oh no I'm not saying you broke any kind or rule or anything of the sort, I'm explaining that when you start sniping for any wording that might say something positive or even indirectly imply something positive about something you didn't like you come out as not being able to let anyone like that thing that you don't like.

The ones trying to argue otherwise can't put up a convincing argument other than "it makes sense because I like the series!" And again, that's pointless.

No one here has said that they understood it only because they like it (and I highly doubt that is the case mainly because of Confirmation Bias) in fact the reviwer called it out on it's Kudzu Plot but called it rewarding and as you pointed out you can like something even if you didn't fully understood it
comment #12160 marcellX 2nd Jan 12 (edited by: marcellX)
I didn't say I understood the plot because I liked it either. I love complex plotlines, and I understand the plot of Kingdom Hearts perfectly.

I do agree that coded sucked (I even wrote a review about how terrible it was), but I don't like how you always get ticked off when somebody likes something you don't.

Don't worry though, I don't hate you, Manwiththe Plan. The only troper I really dislike is Megadoomer who stalks the Awesome Moments pages for Bleach and Naruto, then deletes all examples that he doesn't think are awesome.
comment #12166 Lightflame 3rd Jan 12 (edited by: Lightflame)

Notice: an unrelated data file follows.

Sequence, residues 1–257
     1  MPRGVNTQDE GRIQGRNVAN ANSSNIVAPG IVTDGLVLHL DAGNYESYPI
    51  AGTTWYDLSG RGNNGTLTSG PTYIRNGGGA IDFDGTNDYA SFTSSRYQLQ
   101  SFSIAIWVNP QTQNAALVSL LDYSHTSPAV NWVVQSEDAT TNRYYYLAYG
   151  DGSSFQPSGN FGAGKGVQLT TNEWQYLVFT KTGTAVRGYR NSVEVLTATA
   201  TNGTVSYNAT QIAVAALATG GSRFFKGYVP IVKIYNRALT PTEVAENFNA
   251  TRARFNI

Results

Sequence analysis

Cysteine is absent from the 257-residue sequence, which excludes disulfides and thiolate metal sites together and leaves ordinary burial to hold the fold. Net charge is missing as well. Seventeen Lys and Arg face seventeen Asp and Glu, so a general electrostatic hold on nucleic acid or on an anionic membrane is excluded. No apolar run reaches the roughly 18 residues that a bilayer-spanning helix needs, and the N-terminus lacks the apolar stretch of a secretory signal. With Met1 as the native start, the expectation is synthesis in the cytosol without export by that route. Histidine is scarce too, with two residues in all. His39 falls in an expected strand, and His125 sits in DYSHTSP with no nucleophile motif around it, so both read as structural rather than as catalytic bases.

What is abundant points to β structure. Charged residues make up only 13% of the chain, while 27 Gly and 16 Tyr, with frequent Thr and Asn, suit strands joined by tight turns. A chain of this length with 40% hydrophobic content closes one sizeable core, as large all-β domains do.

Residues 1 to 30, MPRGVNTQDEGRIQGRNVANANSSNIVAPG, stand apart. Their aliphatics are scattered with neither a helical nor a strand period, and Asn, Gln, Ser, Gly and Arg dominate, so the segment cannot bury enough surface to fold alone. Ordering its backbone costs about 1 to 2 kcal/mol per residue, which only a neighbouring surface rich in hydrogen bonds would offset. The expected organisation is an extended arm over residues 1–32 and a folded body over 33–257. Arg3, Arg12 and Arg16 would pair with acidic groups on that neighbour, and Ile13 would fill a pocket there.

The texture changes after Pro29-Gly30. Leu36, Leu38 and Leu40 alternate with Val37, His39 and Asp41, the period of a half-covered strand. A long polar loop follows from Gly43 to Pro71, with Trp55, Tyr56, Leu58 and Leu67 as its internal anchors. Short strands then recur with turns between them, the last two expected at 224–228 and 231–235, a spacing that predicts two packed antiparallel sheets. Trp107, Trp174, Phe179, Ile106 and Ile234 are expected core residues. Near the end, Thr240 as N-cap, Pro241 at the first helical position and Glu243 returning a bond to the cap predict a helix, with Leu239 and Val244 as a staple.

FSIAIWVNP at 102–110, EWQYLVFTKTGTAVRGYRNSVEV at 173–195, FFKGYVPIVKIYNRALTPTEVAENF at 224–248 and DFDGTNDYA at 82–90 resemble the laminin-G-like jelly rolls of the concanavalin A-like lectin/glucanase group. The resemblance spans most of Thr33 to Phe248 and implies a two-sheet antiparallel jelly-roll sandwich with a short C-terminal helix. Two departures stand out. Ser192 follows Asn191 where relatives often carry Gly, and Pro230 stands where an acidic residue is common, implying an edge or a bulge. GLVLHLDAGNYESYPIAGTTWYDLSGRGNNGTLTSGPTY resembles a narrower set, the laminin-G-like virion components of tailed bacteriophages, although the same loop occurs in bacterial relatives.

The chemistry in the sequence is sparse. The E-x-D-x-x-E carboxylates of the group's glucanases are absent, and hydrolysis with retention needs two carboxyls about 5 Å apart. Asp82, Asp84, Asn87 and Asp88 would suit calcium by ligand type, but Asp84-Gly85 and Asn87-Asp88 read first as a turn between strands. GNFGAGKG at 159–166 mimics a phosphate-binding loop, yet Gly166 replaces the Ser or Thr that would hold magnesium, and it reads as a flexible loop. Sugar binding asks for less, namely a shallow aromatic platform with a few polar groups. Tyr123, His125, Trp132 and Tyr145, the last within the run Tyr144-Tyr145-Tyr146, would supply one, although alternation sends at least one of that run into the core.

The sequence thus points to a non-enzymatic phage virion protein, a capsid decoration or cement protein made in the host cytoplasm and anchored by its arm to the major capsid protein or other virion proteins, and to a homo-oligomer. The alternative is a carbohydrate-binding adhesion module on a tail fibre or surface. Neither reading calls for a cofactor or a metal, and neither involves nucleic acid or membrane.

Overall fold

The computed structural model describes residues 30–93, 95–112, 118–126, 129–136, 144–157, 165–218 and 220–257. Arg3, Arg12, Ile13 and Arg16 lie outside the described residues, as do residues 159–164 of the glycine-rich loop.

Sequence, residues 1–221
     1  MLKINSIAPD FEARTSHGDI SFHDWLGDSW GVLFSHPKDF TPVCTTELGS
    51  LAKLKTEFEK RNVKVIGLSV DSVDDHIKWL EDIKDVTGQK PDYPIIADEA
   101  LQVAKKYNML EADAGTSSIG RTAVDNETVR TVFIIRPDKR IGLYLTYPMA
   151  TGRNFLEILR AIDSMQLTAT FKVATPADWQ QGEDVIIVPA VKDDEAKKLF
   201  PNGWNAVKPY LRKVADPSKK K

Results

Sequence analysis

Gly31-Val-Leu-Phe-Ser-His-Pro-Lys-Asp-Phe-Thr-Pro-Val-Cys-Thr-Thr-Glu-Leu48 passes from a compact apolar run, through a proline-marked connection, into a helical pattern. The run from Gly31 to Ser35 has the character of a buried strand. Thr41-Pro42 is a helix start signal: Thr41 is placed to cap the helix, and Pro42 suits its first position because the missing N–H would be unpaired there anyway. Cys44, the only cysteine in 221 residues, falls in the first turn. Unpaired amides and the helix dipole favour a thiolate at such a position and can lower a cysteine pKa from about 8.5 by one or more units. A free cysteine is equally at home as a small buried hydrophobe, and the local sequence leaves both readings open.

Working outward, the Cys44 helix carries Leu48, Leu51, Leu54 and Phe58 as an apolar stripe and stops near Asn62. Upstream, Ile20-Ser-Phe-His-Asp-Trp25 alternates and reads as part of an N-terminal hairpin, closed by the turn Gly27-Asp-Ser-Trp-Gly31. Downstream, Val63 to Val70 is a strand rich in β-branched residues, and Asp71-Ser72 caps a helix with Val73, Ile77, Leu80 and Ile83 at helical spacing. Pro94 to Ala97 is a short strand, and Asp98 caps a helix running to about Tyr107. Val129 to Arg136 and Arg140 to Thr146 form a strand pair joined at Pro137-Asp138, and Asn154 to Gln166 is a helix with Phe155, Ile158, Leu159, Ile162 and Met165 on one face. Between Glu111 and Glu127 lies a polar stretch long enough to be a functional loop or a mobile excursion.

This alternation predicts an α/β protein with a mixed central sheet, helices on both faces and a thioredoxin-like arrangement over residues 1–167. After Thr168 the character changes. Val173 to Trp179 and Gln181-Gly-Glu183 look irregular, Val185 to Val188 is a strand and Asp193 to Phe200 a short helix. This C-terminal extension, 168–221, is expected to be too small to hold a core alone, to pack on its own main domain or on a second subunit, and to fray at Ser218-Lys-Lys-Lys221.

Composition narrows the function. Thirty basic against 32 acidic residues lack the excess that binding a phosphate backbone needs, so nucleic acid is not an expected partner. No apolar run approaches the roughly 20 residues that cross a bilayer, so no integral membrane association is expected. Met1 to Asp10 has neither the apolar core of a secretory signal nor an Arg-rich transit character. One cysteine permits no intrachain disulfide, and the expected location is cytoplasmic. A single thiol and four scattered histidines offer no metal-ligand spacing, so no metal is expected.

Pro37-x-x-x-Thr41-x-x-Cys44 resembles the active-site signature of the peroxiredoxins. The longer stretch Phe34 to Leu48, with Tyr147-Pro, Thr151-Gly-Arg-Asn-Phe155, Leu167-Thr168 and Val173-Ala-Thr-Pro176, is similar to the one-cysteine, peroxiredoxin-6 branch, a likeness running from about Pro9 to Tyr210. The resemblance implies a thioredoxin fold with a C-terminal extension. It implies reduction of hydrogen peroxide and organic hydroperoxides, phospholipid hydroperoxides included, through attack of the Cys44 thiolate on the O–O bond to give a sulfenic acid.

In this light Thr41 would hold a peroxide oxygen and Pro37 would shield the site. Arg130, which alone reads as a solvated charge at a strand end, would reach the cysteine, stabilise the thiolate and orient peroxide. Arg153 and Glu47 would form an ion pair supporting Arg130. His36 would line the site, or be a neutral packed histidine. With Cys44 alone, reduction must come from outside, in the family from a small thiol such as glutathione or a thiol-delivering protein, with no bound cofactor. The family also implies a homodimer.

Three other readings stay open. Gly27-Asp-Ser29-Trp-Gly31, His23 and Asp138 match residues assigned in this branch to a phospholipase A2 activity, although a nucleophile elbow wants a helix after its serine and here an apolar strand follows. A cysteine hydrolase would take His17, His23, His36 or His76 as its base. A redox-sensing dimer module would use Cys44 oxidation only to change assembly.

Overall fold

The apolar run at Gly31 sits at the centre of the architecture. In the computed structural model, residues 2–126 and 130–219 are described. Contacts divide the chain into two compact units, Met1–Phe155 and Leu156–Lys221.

^ There's a difference between complex and convoluted, though. Complex plotlines are difficult to follow due to all the deep and heavy stuff but in the end, everything comes together so that they make some sort of sense. Convoluted plotlines (Kudzu Plot) are plots that are difficult they follow because they don't make sense and all the plot points ultimately lead nowhere.

And I'd rather we not bring up personal dislikes of tropers into this, please?
comment #12168 ManwiththePlan 3rd Jan 12 (edited by: ManwiththePlan)
@Lightflame: why does he do that?
comment #12172 VeryMelon 3rd Jan 12
@ Very Melon: Because apparently he missed the part on the page for Crowning Moment Of Awesome that specifically says not to do that.
comment #12174 Lightflame 3rd Jan 12
I'll be honest, I thought that Manwiththe Plan was perfectly right. The storyline was pretty solid in Kingdom Hearts, because, well... it was Kingdom Hearts— the first game in the franchise. It had the space to create as many concepts as it wanted, and it did to great effect. Kingdom Hearts II was a sequel to the first (yes, I know about Co M), and even though it had less concept-creating space to work with because of the fact that it was a related sequel, even though the concept of Nobodies wasn't expected at all... it was a great game with a great story and great resolution.